Roll up, roll up: the teens who know risks but smoke anyway

19th November 2010 at 00:00
Study finds many light up to fit in, but they insist they are not victims of peer pressure

Teenagers are aware of the reasons why they should not smoke, and will happily echo their teachers' warnings about peer pressure and addiction. This does not, however, prevent them from actually smoking.

Fin Cullen, of Brunel University, spent a year-and-a-half talking to 100 pupils, aged between 14 and 19, about their smoking habits. She found that the teenagers took up smoking for a variety of reasons: youthful experimentation, boredom and stress relief.

Many also claimed that they smoked in order to fit in. However, they had internalised the lessons of PSHE lessons, and insisted that they were not victims of peer pressure.

For example, 14-year-old Amy said: "I started smoking cos all my friends were doing it. I might as well do it as well. It wasn't, like, a peer-pressure thing... but just because I thought, 'Hey, all my friends are doing it. I may as well'."

Similarly, 14-year-old Jodie described how a close friend influenced her decision to start smoking, but insisted: "I wasn't pressured or anything. I did it for my own thing."

Friends also influenced which cigarettes teenagers chose to smoke. Middle-class girls tended to smoke Marlboro Lights and tobacco roll-ups. Meanwhile, less-affluent "rudies" and "townies" preferred the Mayfair and Richmond brands. Cigarettes became a badge of identity: "grunger" girls claimed that cheaper cigarettes were "trampy", and saw roll-ups as an indication of their deliberately alternative identity.

In fact, even non-smokers would buy - and then give away - certain brands of cigarettes, using their brand awareness as a way to demonstrate their place in the social hierarchy.

And changing brand was a way to reinforce new friendships. Sixteen-year-old Ella said: "I always used to smoke BH Silver before I met my friends, but they converted me."

The teenagers were all aware of the addictive qualities of nicotine. Jodie, for example, talked about being "proper addicted... If we haven't had a fag in, like, two hours, we literally cry".

She and her friend Lisa, 15, discussed their need to fit their cigarette cravings around the school timetable. "I, like, keep 'em in my pencil-case and I look at them," said Jodie. "And I think, 'just another half an hour'."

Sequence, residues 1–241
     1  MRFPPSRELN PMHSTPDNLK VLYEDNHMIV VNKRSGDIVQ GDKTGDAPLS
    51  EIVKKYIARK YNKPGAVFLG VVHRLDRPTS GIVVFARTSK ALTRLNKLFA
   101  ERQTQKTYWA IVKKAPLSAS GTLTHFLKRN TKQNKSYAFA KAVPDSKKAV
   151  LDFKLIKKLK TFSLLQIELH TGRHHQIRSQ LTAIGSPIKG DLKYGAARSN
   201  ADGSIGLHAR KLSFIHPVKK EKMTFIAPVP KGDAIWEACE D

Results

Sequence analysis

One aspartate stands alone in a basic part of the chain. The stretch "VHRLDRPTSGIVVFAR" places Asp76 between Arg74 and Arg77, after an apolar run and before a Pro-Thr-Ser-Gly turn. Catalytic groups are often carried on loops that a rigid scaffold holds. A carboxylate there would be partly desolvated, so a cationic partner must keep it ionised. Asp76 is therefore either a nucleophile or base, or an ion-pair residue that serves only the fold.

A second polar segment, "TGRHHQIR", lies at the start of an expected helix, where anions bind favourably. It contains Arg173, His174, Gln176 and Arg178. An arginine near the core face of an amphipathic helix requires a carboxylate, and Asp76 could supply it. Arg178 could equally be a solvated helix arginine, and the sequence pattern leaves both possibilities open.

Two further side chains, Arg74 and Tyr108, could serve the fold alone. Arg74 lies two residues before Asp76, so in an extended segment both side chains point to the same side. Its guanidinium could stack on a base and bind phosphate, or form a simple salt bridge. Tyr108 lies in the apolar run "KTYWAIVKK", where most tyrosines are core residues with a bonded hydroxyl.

And Lisa said: "I just have to hold my pencil just like I'm holding a cigarette. Then I'm fine until breaktime."

This need for cigarettes allowed pupils to wield power over one another. For example, when 17-year-old Sylvia asked her classmate, Sade, if she had a spare cigarette, Sade responded: "There's no such thing as a spare cigarette. It's not like when I bought a 10-pack there was a spare. You can have one, but it's not spare. I intended to smoke it."

Similarly, 14-year-old Noel complained that Lisa owed him 10 cigarettes. However, Noel looked too young to be sold cigarettes. Lisa therefore held the balance of power: he needed her help in order to satisfy his addiction.

"Such bribery was a regular occurrence... with young people imploring friends to accompany them into the cold of the outside smoking area with a promise of a fag," Ms Cullen said.

She added that, if teachers are to tackle teenage smoking successfully, they need greater awareness of the broader symbolic significance of cigarettes.

"If tobacco education and smoking-cessation initiatives are to be more meaningful, then a starting point must be based on young people's own understandings about the social complexities and meanings of substance use within their own networks," she said.

Why and when

'Fine until break'

"I started smoking cos all my friends were doing it. It wasn't a peer-pressure thing... but just because I thought, 'Hey, all my friends are doing it. I may as well'."

Amy, 14

"If we haven't had a fag, like, in two hours, we literally cry. Cos, like, at school I have one at half-eight and then I can't have another one till 11.20. And from, like, half 10 I look at the clock and I'm like, 'hurry up'. I, like, keep 'em in my pencil-case and I look at them."

Jodie, 14

"I just have to hold my pencil just like I'm holding a cigarette. Then I'm fine until breaktime."

Lisa, 15

"There's no such thing as a spare cigarette. It's not like when I bought a 10-pack there was a spare. You can have one, but it's not spare. I intended to smoke it."

Sade, 17.

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